There are many different exceptions you may see within three-way matching. As mentioned previously, a common discrepancy is between the vendor invoice and the original purchase price. This exception often occurs due to shipping prices or taxes, which suppliers don't always include within the original pricing. You may see other abnormalities, such as over- or under-shipping, where you receive a different quantity from what you agreed upon, or honest data entry issues from the vendor within their invoice.

Why internal controls are important

Internal controls are the processes put in place to help fight fraud and prevent inaccuracies. In an accounting department, these controls are absolutely essential to protect a company's assets and ensure compliance with federal, local, and state laws. As an accounting team, setting up a stringent set of internal controls ensures that your data is reliable for financial analytics and audits and prevents vendor and invoice fraud.

Preventing paying fraudulent invoices

Unfortunately, many criminals will attempt to trick companies with false invoices. Sometimes this is done by a company you have worked with, but it also can occur when a complete stranger sends an invoice to your company. The perpetrator hopes that your accounting department won't notice that they never ordered the goods or services within the invoice and will automatically pay the amount billed. By implementing even just two-way matching or other internal controls, you can easily spot these fraudulent invoices.

Spotting inaccurate invoices

Another scenario that can occur is when you receive an invoice from a legitimate vendor that you ordered items from, but the invoice is inaccurate. This inaccuracy can be very harmless such as incorrect data entry, or it can, unfortunately, be malicious. By carefully comparing purchase orders with vendor invoices, you can prevent accidentally overpaying.

Preventing invoice double payments

Without proper protocols, accounting teams can accidentally double up on payments. Human error happens, especially if your workflow doesn't clearly communicate when a team member prepares to pay an invoice. Implementing software or internal control protocols to prevent this can keep your team from costly accidents.

Ensuring all vendors are paid on time

Internal controls aren't only in place to prevent accidents or fraud. These steps can also help your team work more efficiently. It isn't hard to accidentally miss a vendor payment when overloaded with invoices and tasks. Internal controls can help implement guidelines and safeguards to ensure your vendors are paid consistently and on time.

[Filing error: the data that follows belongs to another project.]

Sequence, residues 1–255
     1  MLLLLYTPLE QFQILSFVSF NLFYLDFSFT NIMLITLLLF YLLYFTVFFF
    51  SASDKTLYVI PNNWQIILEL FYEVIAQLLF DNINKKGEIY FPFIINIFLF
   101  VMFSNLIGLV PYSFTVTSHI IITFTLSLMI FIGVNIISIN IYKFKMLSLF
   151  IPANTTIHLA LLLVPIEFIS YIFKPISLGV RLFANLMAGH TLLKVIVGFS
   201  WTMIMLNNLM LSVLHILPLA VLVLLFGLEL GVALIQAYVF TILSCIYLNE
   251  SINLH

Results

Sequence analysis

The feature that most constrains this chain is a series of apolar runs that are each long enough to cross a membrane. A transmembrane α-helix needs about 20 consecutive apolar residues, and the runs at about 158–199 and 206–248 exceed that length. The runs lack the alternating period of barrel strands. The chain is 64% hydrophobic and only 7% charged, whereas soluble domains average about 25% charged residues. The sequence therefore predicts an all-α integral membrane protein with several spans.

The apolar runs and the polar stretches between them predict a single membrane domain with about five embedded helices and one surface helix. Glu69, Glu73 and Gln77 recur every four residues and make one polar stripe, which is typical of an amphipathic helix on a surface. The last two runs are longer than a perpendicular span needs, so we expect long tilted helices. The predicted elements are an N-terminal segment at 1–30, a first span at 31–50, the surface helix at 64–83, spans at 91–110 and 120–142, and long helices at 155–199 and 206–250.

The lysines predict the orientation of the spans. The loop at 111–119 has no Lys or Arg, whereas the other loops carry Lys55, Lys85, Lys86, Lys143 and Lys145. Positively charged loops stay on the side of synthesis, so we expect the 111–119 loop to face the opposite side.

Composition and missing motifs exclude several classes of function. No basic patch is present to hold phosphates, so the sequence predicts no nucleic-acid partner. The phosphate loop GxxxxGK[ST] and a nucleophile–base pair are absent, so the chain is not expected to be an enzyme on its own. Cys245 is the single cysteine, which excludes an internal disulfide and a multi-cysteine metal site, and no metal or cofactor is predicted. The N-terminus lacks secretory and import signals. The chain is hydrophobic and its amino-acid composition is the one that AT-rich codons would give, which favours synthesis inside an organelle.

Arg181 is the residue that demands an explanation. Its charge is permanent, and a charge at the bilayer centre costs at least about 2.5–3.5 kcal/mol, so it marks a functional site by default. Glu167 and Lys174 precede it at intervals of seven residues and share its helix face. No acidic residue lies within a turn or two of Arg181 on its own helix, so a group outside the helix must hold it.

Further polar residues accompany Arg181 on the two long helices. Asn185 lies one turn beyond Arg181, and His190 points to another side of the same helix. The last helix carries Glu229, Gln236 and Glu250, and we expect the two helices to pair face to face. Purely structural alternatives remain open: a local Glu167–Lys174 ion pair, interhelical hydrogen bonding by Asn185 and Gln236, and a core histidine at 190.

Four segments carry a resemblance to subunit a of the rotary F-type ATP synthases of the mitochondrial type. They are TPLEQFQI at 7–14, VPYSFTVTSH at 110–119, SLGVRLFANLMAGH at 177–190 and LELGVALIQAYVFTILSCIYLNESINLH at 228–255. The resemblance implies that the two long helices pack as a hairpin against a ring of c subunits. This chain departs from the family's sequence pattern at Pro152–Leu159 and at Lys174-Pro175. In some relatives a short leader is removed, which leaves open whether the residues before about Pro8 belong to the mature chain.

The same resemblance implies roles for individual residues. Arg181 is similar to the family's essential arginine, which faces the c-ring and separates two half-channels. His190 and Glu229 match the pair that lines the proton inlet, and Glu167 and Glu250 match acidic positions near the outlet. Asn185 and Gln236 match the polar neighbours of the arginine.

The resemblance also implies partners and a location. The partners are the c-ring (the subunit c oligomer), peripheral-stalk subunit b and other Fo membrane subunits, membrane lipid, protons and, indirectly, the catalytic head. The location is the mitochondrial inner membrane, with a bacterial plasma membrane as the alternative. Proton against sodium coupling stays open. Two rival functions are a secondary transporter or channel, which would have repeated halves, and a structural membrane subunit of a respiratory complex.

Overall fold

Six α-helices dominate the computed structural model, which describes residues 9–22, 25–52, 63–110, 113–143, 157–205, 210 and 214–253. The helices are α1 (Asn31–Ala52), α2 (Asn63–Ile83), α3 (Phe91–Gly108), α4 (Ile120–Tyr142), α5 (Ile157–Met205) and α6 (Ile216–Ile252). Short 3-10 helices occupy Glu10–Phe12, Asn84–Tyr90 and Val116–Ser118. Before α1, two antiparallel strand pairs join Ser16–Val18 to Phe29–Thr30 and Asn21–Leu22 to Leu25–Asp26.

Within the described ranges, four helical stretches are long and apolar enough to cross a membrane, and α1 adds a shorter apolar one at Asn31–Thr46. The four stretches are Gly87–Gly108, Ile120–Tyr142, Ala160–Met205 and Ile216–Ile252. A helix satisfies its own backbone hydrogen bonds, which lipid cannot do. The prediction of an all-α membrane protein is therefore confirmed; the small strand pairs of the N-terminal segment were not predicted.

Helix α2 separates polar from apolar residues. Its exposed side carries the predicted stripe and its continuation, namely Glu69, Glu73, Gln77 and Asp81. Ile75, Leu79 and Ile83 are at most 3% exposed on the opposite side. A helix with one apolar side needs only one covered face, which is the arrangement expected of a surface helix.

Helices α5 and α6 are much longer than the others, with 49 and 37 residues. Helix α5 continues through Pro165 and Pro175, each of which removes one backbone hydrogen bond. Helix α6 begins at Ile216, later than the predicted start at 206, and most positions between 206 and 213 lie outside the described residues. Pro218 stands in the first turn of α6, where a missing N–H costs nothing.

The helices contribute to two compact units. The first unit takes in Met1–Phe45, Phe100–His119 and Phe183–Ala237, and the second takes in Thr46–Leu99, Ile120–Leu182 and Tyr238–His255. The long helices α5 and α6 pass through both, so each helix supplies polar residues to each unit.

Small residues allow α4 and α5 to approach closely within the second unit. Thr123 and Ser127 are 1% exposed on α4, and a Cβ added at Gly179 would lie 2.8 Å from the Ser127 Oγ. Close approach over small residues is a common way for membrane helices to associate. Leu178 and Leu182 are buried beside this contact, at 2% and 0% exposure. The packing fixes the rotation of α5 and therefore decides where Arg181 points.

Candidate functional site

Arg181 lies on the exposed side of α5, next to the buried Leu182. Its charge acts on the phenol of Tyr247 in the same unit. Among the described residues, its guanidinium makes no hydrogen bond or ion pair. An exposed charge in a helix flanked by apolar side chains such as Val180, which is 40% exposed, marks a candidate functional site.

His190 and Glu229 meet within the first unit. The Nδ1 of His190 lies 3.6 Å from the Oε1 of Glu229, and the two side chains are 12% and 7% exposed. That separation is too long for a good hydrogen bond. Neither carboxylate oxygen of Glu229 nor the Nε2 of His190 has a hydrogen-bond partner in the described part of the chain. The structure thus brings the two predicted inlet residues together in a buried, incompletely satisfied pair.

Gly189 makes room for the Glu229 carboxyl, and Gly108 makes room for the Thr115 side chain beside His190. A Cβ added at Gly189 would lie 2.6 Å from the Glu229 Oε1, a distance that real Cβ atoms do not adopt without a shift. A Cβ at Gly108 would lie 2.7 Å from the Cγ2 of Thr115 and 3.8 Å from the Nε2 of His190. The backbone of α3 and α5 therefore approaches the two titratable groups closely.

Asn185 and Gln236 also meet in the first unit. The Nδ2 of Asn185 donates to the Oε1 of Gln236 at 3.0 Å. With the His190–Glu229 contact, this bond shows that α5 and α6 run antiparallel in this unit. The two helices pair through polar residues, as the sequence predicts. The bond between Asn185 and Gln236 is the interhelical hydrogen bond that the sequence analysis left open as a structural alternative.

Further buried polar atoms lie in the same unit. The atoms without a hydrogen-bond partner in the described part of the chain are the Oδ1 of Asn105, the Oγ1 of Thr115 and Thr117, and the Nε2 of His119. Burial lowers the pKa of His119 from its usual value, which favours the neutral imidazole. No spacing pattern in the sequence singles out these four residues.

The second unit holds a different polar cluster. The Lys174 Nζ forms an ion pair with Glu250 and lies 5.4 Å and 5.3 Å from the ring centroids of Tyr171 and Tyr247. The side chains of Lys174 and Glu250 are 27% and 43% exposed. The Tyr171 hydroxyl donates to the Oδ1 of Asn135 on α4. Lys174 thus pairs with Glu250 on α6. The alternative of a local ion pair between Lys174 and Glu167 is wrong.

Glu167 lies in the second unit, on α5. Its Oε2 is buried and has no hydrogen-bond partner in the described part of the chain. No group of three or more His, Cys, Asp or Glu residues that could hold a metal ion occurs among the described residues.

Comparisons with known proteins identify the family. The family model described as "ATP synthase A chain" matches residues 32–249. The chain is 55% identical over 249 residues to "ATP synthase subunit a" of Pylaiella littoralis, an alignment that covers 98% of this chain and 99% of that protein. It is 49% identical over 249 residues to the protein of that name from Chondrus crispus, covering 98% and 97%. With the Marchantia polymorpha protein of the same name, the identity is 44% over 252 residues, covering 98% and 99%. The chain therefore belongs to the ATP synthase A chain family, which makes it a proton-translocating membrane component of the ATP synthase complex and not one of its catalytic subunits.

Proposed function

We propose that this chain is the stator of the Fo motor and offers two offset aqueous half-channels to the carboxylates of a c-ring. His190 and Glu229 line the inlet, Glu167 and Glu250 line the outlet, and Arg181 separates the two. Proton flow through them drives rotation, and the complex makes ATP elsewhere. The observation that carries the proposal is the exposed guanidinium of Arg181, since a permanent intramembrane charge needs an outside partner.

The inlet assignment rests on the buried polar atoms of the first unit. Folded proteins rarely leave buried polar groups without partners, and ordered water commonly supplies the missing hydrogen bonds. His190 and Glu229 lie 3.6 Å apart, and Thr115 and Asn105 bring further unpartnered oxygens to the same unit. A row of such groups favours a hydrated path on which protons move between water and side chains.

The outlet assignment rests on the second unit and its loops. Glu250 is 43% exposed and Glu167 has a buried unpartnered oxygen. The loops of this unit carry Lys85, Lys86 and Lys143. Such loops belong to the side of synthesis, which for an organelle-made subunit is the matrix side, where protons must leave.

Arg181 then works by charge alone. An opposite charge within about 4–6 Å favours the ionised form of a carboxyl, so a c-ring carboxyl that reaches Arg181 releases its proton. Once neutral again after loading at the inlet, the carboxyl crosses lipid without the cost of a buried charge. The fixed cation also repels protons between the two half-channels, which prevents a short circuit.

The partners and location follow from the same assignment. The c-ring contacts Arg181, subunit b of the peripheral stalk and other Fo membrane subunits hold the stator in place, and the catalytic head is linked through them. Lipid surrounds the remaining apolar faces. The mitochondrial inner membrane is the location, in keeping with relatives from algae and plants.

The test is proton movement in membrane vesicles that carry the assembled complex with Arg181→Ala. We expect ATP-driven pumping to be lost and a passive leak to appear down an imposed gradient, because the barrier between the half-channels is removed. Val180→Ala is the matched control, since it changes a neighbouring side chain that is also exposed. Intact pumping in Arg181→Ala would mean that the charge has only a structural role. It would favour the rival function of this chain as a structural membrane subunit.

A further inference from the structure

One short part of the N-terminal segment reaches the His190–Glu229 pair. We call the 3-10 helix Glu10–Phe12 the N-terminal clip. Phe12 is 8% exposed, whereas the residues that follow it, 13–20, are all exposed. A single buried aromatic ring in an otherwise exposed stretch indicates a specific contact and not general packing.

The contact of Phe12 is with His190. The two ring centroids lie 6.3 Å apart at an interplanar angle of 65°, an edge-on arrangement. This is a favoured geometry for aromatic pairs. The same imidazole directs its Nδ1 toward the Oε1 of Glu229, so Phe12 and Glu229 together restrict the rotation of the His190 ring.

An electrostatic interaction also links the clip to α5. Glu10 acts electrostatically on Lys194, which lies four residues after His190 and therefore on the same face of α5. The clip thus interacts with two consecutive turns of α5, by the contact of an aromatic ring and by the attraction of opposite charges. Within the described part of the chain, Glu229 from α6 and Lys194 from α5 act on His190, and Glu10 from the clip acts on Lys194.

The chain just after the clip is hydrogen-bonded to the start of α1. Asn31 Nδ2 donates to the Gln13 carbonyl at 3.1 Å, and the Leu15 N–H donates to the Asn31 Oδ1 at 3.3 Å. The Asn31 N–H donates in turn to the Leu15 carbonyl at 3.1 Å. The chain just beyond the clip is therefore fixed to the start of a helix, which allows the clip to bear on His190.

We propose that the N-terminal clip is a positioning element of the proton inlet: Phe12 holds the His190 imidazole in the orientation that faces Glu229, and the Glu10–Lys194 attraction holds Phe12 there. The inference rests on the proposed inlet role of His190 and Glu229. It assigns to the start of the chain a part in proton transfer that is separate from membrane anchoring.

Setting up internal processes to reduce risk

There are a few ways that setting up internal control processes can reduce risks for your company. Unfortunately, sometimes those risks are internal rather than external. By setting up a few carefully planned internal processes, you can help prevent highly damaging fraud.

Segregation of duties

A standard internal process for accounting is called the segregation of duties. This process divides your team into having one of three roles: tracking assets, having custody over assets, and authorizing asset use. By separating these specific roles, you not only are making sure there is oversight anytime you use these assets but prevent internal fraud through the separation of power.

Vouchers

Vouchers help prevent unapproved cash withdrawals. When new supplies are needed, purchases go through a document-backed voucher system to ensure that employees can't order items without approval and that all cash transactions go through the correct channels. Vouchers are essential, especially for companies that commonly require large department orders so that branches aren't ordering without going through the proper official channels.

Conclusion

Accounting teams process payments using either manual data entry or accounting software that assists in this process. AP automation can help employees keep more accurate track of expenses and cash flow and can help automatically pay invoices by their due dates. By preventing manual data entry errors and saving time for employees, they can focus on more critical tasks.

Routable can help improve internal controls and prevent fraud through features like robust bill payment approvals to help control disbursements and full audit trails for all of your transactions. By cutting out many manual entries, automation can help ensure that transactions correctly get recorded, preventing costly mistakes. To learn how we can help your accounting team work more efficiently, contact us for a demo.